Although 20 years have passed since the church in the Anglican Diocese of Barbados began ordaining women into the priesthood, there are many persons across the island who remain unhappy with this development, Bishop John Holder has acknowledged.
Bishop Holder’s admission of continued resistance to the presence of women priests came Tuesday evening as Anglicans gathered to observe the 20th anniversary of the courageous decision to ordain female priests.
“It is surely another time when this Diocese boldly ventured outside of the camp of tradition,” said Dr Holder, who is also Archbishop of the Province of the West Indies, as he delivered the sermon at the Cathedral of St Michael and All Angels.
However, he observed that the two-decade anniversary was not a joyous occasion for all on this island. “There are still many persons across the churches, including our own, who still are not convinced that women have a legitimate place in the ordained ministry.”
Dr Holder cited the resurrection story in the Bible, in which women featured prominently as “perhaps the most radical story of God embracing women”, adding: “It seems quite sad, in many ways odd, that we took so long to allow women to have a primary place in the ordained ministry of the church”.
Continuing his reference to stories in the Bible as examples of women in leadership positions, he said, “We no doubt ignored St Paul’s identification in Romans Chapter 6, verse 1, of Phoebe, a deacon in the church of Rome. This was an early start but it fell away along the way.”
However, the Archbishop said the ordination of women into the priesthood and other leadership positions should not pose challenges for Barbadians and other people of the Caribbean because females have at all times been holding society together.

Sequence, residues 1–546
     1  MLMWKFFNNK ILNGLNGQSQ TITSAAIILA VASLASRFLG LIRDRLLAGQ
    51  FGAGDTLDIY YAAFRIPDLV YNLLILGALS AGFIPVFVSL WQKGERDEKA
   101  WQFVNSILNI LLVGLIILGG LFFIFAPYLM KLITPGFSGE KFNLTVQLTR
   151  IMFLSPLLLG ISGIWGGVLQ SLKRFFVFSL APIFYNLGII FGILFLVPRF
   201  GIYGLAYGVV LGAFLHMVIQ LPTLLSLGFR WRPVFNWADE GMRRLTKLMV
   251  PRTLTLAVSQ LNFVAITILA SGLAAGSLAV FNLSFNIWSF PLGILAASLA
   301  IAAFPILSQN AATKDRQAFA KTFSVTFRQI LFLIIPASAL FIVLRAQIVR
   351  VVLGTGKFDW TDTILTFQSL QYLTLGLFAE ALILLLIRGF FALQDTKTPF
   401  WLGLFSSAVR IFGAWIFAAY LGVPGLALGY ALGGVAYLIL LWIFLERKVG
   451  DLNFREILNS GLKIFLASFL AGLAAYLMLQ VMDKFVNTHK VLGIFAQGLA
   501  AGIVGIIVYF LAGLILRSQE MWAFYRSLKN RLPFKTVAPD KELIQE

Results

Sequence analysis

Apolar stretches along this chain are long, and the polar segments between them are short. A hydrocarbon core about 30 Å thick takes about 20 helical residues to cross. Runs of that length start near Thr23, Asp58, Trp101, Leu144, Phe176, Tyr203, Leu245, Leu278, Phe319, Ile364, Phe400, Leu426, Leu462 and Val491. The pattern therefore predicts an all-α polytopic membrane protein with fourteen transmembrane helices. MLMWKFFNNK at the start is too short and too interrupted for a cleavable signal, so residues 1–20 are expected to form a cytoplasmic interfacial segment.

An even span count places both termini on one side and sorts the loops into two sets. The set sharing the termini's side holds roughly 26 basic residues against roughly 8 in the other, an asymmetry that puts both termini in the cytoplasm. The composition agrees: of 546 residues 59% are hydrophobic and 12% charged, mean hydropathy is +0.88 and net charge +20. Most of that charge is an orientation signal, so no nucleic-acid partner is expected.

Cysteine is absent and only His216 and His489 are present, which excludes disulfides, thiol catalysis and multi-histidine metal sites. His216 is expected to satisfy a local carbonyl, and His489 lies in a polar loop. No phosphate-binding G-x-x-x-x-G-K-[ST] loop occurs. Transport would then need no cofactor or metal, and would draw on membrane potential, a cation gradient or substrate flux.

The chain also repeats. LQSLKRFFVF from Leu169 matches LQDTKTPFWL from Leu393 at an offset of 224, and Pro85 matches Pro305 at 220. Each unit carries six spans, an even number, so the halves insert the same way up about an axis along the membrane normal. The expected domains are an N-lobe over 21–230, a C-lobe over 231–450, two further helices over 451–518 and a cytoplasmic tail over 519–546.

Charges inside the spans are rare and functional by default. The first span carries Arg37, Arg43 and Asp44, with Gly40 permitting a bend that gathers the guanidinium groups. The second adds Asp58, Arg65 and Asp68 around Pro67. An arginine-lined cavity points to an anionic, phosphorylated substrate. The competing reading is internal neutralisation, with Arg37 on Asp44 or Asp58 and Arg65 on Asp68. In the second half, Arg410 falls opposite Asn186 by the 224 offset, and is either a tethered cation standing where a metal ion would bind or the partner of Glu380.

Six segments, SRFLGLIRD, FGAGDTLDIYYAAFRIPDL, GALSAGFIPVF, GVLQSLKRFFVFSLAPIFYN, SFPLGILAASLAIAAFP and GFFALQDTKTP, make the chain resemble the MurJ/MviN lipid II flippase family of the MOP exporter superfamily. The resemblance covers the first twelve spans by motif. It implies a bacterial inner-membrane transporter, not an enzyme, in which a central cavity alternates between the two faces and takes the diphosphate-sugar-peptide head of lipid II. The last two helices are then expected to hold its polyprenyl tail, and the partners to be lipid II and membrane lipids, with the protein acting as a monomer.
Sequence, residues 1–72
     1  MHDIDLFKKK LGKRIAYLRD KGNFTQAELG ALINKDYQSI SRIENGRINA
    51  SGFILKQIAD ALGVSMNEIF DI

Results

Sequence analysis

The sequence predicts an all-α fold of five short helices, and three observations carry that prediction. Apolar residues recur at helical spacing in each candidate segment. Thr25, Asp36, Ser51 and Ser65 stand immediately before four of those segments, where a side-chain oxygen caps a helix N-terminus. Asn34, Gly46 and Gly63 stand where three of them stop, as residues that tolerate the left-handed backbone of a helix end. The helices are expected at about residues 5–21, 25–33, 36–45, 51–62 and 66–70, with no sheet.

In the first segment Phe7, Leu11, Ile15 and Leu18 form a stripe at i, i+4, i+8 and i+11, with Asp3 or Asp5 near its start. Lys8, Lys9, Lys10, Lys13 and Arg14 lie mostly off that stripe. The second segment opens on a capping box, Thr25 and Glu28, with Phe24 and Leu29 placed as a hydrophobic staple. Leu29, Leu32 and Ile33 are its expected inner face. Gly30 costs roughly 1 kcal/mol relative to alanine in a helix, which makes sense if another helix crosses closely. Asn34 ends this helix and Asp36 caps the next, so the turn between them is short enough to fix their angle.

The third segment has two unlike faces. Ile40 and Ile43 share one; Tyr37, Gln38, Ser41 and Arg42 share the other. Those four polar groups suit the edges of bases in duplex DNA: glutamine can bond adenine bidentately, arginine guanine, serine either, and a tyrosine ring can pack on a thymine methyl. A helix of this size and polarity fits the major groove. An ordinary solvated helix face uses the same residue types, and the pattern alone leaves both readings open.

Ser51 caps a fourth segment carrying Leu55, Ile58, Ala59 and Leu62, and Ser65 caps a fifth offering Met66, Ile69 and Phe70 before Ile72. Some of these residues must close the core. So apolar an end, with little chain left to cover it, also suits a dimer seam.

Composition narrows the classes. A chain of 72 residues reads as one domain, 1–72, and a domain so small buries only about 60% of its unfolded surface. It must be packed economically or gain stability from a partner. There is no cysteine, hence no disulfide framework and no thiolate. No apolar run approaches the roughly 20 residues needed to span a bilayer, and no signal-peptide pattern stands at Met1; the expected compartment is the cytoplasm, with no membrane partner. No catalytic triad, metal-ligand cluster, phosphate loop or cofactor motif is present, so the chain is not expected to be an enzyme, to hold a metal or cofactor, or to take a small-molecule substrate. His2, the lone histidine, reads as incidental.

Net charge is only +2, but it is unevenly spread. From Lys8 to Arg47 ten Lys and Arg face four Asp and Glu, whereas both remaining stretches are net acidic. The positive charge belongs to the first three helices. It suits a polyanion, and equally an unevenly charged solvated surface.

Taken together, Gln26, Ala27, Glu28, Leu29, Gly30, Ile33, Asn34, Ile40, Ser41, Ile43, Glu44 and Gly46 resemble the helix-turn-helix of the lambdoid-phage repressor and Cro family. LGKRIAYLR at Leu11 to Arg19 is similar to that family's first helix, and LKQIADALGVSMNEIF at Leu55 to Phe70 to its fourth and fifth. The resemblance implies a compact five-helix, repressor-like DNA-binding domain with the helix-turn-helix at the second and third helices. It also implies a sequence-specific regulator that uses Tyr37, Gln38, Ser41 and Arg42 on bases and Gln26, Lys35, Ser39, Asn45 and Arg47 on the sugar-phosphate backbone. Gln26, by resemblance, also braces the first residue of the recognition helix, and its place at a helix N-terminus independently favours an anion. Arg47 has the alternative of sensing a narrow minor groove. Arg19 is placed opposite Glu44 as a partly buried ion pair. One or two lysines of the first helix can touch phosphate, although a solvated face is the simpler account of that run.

“Ours is the region where women have for centuries borne the brunt of the responsibility of caring for families. They have been the ones to sustain our societies through care of their children, and so insure our future.
“The story of the many mothers who fathered their children, the many who continue to do so is the largest story of Caribbean family life. It is in this context that we celebrate tonight the achievement of women in the ordination to the priesthood.”
The Anglican leader noted that despite the fact of women being society’s leaders, resistance to their elevation remains and the act of ordaining the first woman priests on this island back in 1994 was a brave one.
“The focal point of our celebration tonight is not simply about how long we have been ordaining women in this diocese, and how many we have ordained to date. Rather, it is about the courage to move outside of the camp, outside of the box, and declare the outsider as an insider.
“We live in a world that takes progressive steps very cautiously, and the church is probably more cautious than any other institution.”
Conceding that caution and fear of the unknown are understandable human behaviours, Dr Holder said, “We should never allow the caution or the fear to halt the progress. We should resist the temptation to keep God locked inside the box of our ideas and fears, the box of traditions, many of which we may argue are hundreds and thousands of years old and so should never be changed.
Reverends Sonia Hinds and Beverley Knight became the first Barbadian Anglican women priests in 1996 when they were ordained by the Rev’d Rufus Brome at the Cathedral of St Michael.
Reflecting on the significance of the decision at that time, Dr Holder said, “It was said loud and clear that God’s great gift of ordained ministry is not one for an exclusive male club. In so doing, the Diocese was standing firmly on the solid biblical foundation.
“The ordination of women is not a male gift to women. It is God’s gift, even if men are the instruments used by him to present this gift,” Archbishop Holder went on. “Tonight we celebrate God’s great gift of ordination that is to be shared by women and men… that he has shared with the women of this Diocese.”